One of the reasons, a long time ago, that I left active participation in the Libertarian movement is that nobody could ever provide me with a map of “how to get there from here.” By and large the answers I got were either: “We’re going to have to educate the younger generation because this one’s too addicted to the current set of government hand-outs to change,” or, “Eventually, the existing set-up will collapse of its own weight, and we’ll be there to pick up the pieces.”
Neither approach appeals to me, because both of them appear to punt on the idea that we can begin making incremental changes toward greater individual liberty and smaller government today. Ourselves. With our neighbors. And organize to go forward.
If you want to break other people of the idea of taking government hand-outs (in exchange for paying high taxes and turning over control of your own life), then the first thing you have to do is stop or materially reduce the government hand-outs you accept. Doing so is often painful, especially when you see other people willing to nourish themselves endlessly at the governmental teat, but it is possible.
We pay my daughter’s medical bills, and help with her son’s daycare. Boiling down a long story to short, my eldest daughter can no longer be carried on our health insurance, and the job she works pays no benefits. During her pregnancy we discovered that she was eligible for all kinds of things, like free milk, cheese, and cereal from WIC, or—later—daycare assistance. Twice she even went and got the milk at Acme, before we realized what a trap this all is.
She’s our daughter; her son is our grandchild. We’re responsible as family, and we can damn well afford to buy the food to feed them. More to the point, when we looked at the so-called “daycare assistance” the State provides, we discovered that really outstanding daycare, the type we wanted him to have, is not covered by the State plan. We even discovered that having top-quality daycare actually reduced the amount of child support she could receive from the man we fondly refer to as the “sperm donor,” because according to the formula that Family Court uses, we spend too much on our grandson’s daycare.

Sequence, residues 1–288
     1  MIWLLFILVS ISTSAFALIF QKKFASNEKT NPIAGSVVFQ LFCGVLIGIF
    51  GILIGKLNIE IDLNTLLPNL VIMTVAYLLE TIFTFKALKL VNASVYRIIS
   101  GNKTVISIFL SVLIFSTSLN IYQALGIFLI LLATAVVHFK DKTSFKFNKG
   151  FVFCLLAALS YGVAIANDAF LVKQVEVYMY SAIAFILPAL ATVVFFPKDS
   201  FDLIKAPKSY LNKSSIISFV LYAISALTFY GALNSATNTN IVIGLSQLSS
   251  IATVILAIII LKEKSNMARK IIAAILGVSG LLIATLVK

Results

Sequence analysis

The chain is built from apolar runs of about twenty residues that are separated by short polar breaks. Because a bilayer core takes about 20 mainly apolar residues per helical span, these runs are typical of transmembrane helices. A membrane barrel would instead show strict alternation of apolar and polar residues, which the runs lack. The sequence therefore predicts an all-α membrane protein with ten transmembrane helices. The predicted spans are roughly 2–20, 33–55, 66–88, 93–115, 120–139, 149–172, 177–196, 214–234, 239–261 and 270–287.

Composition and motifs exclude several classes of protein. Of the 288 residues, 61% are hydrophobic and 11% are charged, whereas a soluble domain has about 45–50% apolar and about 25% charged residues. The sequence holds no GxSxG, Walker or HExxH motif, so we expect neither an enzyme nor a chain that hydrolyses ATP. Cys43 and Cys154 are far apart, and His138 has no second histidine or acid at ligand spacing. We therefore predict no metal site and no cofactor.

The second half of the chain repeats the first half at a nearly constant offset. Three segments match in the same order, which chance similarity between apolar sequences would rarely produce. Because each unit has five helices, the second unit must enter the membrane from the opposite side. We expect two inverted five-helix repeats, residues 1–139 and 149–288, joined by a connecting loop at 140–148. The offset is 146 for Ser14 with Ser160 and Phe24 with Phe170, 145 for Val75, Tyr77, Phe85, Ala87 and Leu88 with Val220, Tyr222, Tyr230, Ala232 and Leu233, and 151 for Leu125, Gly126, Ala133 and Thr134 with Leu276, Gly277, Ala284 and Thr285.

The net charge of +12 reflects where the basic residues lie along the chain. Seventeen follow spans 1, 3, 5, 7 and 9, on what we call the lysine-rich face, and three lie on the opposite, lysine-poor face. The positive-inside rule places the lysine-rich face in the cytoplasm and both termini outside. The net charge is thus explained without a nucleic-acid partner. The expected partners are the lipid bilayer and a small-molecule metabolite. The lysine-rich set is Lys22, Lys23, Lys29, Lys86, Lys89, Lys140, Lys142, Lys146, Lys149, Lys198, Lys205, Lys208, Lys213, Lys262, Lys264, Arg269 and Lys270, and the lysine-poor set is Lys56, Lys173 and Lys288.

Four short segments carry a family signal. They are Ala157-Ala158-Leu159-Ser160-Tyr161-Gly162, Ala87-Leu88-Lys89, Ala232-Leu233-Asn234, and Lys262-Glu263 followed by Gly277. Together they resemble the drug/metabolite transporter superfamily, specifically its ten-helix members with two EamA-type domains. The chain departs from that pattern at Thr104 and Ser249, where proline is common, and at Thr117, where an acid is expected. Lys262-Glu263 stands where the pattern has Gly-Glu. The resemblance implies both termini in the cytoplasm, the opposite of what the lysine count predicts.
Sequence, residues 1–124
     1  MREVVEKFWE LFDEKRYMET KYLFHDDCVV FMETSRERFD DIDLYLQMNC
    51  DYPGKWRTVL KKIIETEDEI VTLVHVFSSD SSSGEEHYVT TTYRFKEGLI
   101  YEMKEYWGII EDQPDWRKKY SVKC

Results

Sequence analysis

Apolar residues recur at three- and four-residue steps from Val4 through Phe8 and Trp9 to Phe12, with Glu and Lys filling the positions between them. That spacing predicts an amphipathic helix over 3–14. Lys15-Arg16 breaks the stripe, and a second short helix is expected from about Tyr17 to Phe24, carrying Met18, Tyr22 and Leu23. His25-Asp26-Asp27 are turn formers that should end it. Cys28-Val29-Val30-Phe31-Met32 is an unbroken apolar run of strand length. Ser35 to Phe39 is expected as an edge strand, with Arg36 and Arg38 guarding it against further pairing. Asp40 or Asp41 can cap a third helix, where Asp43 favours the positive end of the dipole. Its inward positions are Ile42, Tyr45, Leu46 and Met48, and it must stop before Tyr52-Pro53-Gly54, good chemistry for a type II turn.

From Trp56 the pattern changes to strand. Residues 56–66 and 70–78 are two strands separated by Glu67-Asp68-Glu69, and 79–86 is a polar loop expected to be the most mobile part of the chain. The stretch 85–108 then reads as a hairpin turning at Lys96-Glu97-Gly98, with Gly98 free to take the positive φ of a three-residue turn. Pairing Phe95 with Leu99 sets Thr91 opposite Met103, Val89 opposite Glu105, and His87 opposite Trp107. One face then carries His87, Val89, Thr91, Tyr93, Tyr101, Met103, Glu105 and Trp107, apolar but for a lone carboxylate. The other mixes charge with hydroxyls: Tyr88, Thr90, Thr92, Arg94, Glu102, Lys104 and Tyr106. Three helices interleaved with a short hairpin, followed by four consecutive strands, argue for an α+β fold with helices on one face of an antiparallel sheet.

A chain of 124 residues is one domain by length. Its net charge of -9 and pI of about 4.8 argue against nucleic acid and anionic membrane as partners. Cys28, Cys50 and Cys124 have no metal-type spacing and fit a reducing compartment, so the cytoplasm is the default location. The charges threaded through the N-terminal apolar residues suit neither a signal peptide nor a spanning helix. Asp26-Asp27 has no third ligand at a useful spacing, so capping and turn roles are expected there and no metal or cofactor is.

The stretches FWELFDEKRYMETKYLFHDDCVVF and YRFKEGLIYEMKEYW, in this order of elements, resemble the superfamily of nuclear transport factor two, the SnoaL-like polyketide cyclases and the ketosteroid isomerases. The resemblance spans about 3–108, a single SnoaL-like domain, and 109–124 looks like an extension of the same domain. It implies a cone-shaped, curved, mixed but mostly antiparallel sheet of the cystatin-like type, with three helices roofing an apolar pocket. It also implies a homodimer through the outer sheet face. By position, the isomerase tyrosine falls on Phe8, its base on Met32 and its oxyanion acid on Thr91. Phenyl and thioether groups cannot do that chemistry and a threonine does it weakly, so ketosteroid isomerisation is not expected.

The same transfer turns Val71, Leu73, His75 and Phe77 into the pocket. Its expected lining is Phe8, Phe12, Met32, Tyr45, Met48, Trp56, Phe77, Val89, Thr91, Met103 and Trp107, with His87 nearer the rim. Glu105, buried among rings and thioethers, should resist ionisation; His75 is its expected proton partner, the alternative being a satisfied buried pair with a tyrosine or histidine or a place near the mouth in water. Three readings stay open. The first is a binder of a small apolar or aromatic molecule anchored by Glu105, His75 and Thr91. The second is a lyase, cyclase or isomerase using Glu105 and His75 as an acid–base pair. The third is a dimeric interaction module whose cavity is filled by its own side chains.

So we told the government to take a hike, and made the economic choices necessary to take care of our own family. We write a hefty check every month, and sometimes it really hurts. That’s the price you pay for freedom of choice.
Unfortunately, many of the little government giveaways are hidden from view, which is exactly how the statist Demopublicans like them. State and cities give out community development grants, the legislature provides extra money for the local firehouse, or there’s economic development money available for certain tourist areas. We are conditioned not to think of these items as hand-outs; they have somehow become—what’s that word?—entitlements.
Drive a Prius and the government will give you a tax credit. Adopt a child and the government will give you a tax credit. Teachers can claim a $400 credit on their taxes for materials bought for their students. Measure off a home office and claim a tax break.
I don’t like the idea at all that the government has decided to use my money (as a tax payer) to indulge in social engineering (by handing out credits and breaks for engaging in approved behaviors), so I try not to play that game. Does it cost you money to disengage from this sort of entitlement heroin? Yes, it sure does.
But the idea that personal freedom isn’t free doesn’t just apply to the sacrifices of our soldiers.
If you want to begin to sell other people on the idea of smaller government and more personal responsibility, then you’ve got to do more than talk the talk.